Since the launch of the iTunes App Store by Apple in 2008, not another app market has come close to touching the iOS store until now. Or at least that’s the presumption. Apparently, the Android Market is coming close, and may even surpass the sheer number of available apps in Apple’s App Store. The rate at which the Android Market might set it to surpass Apple by August 2011.
Of course, this still doesn’t change Apple’s dominance in the app market by revenue. As we learned yesterday, the Cupertino-based giant is poised to take 76% of total profits in the app market space by the end of the year.
A recent study conducted by research2guidance says:
Google’s Android Market is the fastest growing app store today. Currently it shows growth rates more than twice as high as Apple’s App Store. In April Android added 28,000 new apps, whereas Apple lagged behind with only 11,000 apps. Each market leaders adds more apps to their store every month than other platforms have in total.
Good to know all those wallpaper apps, plug-ins, extensions, language packs and ringtone makers are going to put a dent into Apple’s bottom line. Kidding aside, sort of, it’s good to see this growth because it’s also good news for developers. Android is being taken far more seriously now than ever as a viable platform on which to earn a living as a developer, but it’s also becoming increasingly difficult to get noticed as the market gets flooded.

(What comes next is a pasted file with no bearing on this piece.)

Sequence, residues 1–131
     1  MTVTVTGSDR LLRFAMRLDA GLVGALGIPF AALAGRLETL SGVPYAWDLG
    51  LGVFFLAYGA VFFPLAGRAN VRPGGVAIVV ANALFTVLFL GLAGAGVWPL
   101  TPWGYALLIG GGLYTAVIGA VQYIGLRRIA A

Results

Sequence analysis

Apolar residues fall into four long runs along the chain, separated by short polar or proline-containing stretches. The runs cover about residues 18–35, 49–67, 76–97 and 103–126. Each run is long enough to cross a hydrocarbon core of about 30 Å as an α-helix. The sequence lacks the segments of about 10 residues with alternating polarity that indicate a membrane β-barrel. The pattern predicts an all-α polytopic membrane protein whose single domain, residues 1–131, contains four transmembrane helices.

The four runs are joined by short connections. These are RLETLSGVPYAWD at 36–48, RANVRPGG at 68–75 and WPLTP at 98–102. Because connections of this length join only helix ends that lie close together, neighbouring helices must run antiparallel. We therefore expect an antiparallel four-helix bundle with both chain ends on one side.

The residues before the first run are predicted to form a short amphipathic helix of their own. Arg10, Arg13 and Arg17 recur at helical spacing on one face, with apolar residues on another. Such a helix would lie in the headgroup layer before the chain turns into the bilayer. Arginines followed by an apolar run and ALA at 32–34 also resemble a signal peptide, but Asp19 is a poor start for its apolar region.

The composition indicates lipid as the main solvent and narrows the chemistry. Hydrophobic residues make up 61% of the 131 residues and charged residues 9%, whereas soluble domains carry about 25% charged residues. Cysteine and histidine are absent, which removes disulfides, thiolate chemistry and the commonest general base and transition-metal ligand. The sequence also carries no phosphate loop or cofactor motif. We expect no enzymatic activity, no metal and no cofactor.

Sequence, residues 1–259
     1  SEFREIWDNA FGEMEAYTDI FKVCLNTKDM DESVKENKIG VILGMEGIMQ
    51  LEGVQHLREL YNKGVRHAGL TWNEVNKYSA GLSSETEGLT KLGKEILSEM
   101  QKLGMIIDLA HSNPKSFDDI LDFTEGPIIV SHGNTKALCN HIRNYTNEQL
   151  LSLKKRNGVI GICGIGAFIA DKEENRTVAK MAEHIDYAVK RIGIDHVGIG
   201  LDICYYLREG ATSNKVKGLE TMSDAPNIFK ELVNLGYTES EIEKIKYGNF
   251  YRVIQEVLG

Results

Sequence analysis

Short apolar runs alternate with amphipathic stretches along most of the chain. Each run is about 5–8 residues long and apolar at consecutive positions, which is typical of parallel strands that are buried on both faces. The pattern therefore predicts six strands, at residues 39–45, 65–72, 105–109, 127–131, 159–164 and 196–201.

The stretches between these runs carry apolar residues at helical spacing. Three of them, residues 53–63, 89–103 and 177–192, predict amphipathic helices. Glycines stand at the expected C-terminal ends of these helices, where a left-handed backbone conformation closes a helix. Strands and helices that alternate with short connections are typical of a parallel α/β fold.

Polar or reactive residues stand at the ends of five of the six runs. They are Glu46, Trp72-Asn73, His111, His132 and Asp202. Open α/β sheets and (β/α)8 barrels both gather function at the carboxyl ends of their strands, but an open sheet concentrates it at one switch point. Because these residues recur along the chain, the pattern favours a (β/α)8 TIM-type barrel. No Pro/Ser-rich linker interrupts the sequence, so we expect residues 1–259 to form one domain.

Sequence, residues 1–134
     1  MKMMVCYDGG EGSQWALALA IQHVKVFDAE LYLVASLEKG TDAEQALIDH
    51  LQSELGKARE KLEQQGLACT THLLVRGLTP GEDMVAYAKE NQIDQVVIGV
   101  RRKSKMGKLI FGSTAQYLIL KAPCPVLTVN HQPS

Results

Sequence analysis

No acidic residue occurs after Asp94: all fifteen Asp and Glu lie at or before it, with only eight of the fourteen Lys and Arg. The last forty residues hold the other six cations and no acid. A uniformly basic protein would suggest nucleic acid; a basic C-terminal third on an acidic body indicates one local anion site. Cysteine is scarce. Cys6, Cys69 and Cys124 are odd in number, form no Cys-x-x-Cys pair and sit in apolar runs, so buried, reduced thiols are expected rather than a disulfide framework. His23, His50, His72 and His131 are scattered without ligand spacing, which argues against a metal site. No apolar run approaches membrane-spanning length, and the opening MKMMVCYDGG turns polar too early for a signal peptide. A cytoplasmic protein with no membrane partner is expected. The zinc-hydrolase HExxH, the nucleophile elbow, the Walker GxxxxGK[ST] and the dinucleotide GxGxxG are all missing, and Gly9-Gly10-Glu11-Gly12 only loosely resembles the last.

Here’s what the study suggests for those devs:
– Go niche category: Don’t submit your app to a category with hundreds of new adds per week
– Use niche promotion: Make use of specialized Android sub market places which allow direct sponsoring possibilities within the store
– Go niche independent stores: Make use of independent app stores to increased reach and to place your app in a less numerically competitive environment
– Localize: Concentrate on a specific country with the service the app is offering
– Be the first to know: Changes in the market will create new opportunities for those who are aware of them, and can make the most of them before competition jumps on the bandwagon.
It’s a bit rough, and perhaps some developers may need a slight change in direction, but with Android’s continuing growth both in terms of market share and app market size, it’d be worth it.